Back into the big pile of Horrors of Tzeentch to paint for Project Change. This Blue Horror has been done in Liche Purple through to Jade Green. Not blue as such, but both colours are almost there.
Games Workshop have just released their new plastic Horrors. It’s a big departure from the third generation of truly disturbing Horrors. But, oddly, there seems to be no tip-of-the-hat to their splitting any more. I’ve yet to get my hands on the sprues themselves (but it’s my birthday soon so fingers crossed) so I could be wrong. There’s no game reason to paint them blue these days, but I’m sure people will. Here’s how they appear in blue with a little Photoshop magic.
Now, how to capture that effect with paint?
Another smiley-happy Trish Morrison Blue Horror of Tzeentch (far left). Now I have two so I can split a G2 Pink Horror in half in games and have everything I need to represent it. This pleases me.
This model is a particular favourite of mine as I got it way back in 1997 when Gorkamorka was released. I’d ordered my Gorkamorka boxed set from Mail Order, and as a treat they threw in this very Horror with a note something along the lines of, “This is coming out soon, have it for free”. I painted him up even before I did my Gorkamorka mobs and used him as a sidekick for my Warhammer Quest barbarian hero – Pugnax the Pugnacious.
I’m trying a colder blue at the moment, as until now my models have had mostly warm schemes. I would like to do something more with the orange than just the eyes, so I tried the daemon-jewelery in a copper, but it didn’t work. And it puzzles me why they wear jewelery. Where does it come from? Did Trish simply sculpt it on in order to hide the rough bits of the sculpt?
And, I’m off travelling again, this time to Lahndahn (big-ben-red-bus). Ninjabread 20, rather than being postponed to the weekend just gone will just be pushed back a whole week to this coming Space-Friday. Sorry. If it makes you feel better have this dumb joke only historical wargamers will ever appreciate.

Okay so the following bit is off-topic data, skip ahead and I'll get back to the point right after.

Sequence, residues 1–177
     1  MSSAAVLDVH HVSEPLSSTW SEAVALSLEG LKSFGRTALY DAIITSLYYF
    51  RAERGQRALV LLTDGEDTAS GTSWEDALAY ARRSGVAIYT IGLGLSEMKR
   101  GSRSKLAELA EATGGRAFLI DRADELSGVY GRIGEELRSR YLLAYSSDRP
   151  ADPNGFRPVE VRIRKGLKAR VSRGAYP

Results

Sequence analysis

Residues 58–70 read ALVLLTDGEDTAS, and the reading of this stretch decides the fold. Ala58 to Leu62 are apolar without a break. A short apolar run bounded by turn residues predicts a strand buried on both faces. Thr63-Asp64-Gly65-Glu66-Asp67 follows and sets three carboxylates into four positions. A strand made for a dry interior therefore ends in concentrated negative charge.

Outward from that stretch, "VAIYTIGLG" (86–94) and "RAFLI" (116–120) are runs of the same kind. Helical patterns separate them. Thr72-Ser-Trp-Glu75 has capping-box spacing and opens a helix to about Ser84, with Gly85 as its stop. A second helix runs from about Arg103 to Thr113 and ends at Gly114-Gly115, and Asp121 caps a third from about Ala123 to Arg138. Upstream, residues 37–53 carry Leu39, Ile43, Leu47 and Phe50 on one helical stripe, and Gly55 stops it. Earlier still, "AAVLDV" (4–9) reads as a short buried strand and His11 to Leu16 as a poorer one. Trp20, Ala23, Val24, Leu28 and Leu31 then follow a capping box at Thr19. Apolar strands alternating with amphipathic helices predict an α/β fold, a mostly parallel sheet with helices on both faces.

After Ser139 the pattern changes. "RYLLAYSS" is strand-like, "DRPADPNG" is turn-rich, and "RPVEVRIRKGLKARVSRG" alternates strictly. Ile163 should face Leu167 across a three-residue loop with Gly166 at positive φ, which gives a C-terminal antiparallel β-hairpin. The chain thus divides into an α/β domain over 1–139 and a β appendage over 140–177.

Another first generation Blue Horror in the traditional Enchanted Blue scheme. Boring.
But what’s not boring is the tuft of grass front centre. Yes! A tuft of grass. I have a problem with static grass in that it tends to look flattened. The effect of static grass is that static electricity pricks the strands on end, so they stand up like real grass. Mine just looks trampled. And I came across a German company – Fredericus Rex – who produce pre-made tufts of grass in all sorts of lengths and colours. I went crazy and ordered every variety of dried grass available. Real nerd shopping spree.
Bit too big for the individual 25mm bases (you tend to lose the feet and make the model look like he’s about to stumble on a small bush), but great on movement trays and bigger bases.
Anyone got any tips for making my static grass stand up on end?
Next in line for my Tzeentchian forces is a classic Rogue Trader Renegade. Photographed against a much better blue fade background than previous blog entries.
I love these old models. The original Chaos Renegade range oozed character and individuality. And they were goofy. I love goofy models.
Tzeentch doesn’t have any real signature colours, Well, odd really as Tzeentch’s lesser daemons are the only ones whose name actually specifies a colour. Oh, and thinking about it Magnus the Red also is spectrally defined. I digress.
Well, post-Heresy Thousand Sons are always done in blue and gold scheme to evoke the Egyptian archetype. I fancied red and gold (which are quite close to pre-Heresy Thousand Sons, though this guy’s not necessarily one of them). But I didn’t want it looking like my Blood Angel captain or a Khorne worshipper. So I headed in the pink direction, but not enough to make it look Slaneeshi.
My second project Change model is one of the first generation of Tzeentch Daemons – the 1988 Blue Horror ‘Warpgrunter”. I experimented with the turquoise colour I used on the bubble of my first horror, which combines nicely with the pink.
The original Blue Horror models were scultped by Kev Adams, the sculptor most recognised for his work on the early Ork ranges. His signature was big gurning faces. The first and second generation Horror models were very similar, and might even work alongside each other in a regiment. The difference with the Blue Horrors is they lost the suckered fingers and their feet shrunk from ten toes each to just four.